2021-10-11 12:33:17 UTC [38711]: [80-1] user=,db=,app=,client=LOG:  archive recovery complete
2021-10-11 12:33:17 UTC [38721]: [5-1] user=,db=,app=,client=LOG:  checkpoint starting: end-of-recovery immediate wait
2021-10-11 12:33:17 UTC [38721]: [6-1] user=,db=,app=,client=LOG:  checkpoint complete: wrote 15482 buffers (94.5%); 0 WAL file(s) added, 0 removed, 0 recycled; write=0.107 s, sync=0.004 s, total=0.113 s; sync files=41, longest=0.002 s, average=0.001 s; distance=517466 kB, estimate=632964 kB
2021-10-11 12:33:17 UTC [38708]: [7-1] user=,db=,app=,client=LOG:  database system is ready to accept connections
Restoring up to a specific Incremental backup

In this method, we will see how to restore to a specific incremental backup (or a restore point) from the backup repository. To get the list of available restore points, we can use the following command.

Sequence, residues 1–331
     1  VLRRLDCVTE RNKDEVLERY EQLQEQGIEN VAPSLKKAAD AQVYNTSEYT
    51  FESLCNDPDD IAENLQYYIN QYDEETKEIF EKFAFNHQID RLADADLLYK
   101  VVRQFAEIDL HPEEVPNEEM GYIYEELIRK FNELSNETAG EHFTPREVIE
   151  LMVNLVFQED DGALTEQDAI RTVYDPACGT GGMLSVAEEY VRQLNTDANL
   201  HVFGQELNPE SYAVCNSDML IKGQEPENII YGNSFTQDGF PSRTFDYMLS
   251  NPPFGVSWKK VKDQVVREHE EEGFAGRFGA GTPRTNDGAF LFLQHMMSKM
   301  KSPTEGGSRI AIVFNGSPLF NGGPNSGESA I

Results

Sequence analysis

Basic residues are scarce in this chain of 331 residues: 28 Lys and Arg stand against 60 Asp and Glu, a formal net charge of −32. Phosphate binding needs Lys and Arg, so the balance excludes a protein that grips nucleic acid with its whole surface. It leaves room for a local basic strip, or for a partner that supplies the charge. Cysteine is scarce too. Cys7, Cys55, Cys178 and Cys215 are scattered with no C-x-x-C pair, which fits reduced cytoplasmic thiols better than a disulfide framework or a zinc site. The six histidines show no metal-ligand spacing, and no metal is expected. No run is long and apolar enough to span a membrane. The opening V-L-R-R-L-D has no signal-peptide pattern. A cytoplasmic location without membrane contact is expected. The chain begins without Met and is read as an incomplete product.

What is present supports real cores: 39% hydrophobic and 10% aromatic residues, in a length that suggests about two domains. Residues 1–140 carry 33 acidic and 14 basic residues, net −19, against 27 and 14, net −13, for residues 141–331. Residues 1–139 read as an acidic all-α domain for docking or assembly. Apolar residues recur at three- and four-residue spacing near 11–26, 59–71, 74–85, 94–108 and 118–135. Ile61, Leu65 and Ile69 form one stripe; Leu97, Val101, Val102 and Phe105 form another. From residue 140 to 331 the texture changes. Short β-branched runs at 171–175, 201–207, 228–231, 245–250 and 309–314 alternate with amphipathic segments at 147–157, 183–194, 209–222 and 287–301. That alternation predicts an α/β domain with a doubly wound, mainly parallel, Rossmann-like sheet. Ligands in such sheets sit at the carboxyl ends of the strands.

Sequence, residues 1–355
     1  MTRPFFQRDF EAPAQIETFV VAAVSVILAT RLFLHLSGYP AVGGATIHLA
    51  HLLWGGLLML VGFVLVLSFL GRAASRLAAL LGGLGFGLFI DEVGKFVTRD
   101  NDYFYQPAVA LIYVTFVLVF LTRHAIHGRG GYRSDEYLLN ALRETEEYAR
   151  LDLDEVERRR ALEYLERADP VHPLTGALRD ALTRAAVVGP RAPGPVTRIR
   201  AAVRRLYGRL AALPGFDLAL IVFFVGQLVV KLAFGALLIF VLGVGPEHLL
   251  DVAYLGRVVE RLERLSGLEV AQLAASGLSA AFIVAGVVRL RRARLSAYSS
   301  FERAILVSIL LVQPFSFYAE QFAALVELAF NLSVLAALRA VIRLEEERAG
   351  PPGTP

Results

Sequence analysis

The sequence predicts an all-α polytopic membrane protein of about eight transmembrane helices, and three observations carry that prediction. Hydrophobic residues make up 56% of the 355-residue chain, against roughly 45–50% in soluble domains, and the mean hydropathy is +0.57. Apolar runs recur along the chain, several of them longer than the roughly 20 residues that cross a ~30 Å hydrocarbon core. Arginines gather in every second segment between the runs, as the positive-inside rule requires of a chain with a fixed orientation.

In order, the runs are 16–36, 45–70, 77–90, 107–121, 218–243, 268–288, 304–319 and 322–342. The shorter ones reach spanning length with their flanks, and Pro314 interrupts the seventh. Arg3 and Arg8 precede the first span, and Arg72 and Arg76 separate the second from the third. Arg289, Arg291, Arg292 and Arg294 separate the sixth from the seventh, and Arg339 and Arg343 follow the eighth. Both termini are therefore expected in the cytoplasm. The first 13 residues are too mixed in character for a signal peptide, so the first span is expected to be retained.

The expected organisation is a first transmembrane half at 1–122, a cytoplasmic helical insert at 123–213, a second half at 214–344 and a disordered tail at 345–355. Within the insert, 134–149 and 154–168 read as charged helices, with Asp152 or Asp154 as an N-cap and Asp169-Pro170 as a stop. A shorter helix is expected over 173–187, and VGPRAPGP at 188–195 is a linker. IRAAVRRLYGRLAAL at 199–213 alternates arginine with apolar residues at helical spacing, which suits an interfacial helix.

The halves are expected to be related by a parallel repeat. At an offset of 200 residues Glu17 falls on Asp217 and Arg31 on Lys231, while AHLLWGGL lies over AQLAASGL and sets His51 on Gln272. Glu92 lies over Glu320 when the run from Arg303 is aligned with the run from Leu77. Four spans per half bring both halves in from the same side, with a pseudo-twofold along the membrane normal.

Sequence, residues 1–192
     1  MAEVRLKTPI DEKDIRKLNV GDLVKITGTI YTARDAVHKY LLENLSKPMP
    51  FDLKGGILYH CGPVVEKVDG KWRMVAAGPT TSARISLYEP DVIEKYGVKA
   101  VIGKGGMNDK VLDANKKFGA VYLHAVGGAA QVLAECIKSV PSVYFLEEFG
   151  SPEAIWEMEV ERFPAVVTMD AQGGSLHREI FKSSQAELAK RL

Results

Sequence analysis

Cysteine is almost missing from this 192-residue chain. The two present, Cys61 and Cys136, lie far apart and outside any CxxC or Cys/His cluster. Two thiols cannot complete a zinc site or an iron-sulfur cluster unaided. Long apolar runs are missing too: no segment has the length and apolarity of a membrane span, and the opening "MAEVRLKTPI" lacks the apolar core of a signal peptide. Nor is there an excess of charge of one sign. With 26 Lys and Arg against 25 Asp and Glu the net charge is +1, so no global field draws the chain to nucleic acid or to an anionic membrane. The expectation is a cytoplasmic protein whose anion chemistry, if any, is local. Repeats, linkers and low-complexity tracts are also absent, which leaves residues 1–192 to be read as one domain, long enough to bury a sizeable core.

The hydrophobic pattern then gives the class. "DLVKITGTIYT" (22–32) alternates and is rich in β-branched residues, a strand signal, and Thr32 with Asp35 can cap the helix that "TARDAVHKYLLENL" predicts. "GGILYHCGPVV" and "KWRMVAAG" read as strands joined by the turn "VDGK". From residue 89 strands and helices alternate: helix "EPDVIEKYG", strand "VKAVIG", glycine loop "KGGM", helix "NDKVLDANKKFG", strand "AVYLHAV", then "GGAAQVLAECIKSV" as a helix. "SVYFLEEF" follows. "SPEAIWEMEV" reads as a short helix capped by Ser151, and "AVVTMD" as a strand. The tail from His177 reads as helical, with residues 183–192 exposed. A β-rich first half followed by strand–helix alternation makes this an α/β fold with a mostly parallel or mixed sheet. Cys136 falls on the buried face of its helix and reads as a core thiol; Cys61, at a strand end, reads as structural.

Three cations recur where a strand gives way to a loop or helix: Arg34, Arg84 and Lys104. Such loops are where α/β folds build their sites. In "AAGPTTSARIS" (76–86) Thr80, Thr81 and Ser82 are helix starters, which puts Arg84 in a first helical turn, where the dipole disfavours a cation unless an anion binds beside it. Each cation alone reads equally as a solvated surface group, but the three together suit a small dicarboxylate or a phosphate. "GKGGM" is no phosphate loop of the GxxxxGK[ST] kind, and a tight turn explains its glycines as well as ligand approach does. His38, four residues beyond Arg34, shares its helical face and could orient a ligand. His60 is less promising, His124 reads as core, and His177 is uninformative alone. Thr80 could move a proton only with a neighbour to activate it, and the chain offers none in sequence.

$ pgbackrest --config=/etc/pgbackrest/backrest_standby.conf --stanza=backupstanza info

Following is the output of the above command in my setup. 

$ pgbackrest --config=/etc/pgbackrest/backrest_standby.conf --stanza=backupstanza info
stanza: backupstanza
   status: ok
   cipher: none
   db (current)
       wal archive min/max (13): 0000000300000002000000FD/0000000300000003000000F7
       full backup: 20211011-083144F
           timestamp start/stop: 2021-10-11 08:31:44 / 2021-10-11 08:31:56
           wal start/stop: 0000000300000002000000FD / 000000030000000300000004
           database size: 216.0MB, database backup size: 216.0MB
           repo1: backup set size: 10.9MB, backup size: 10.9MB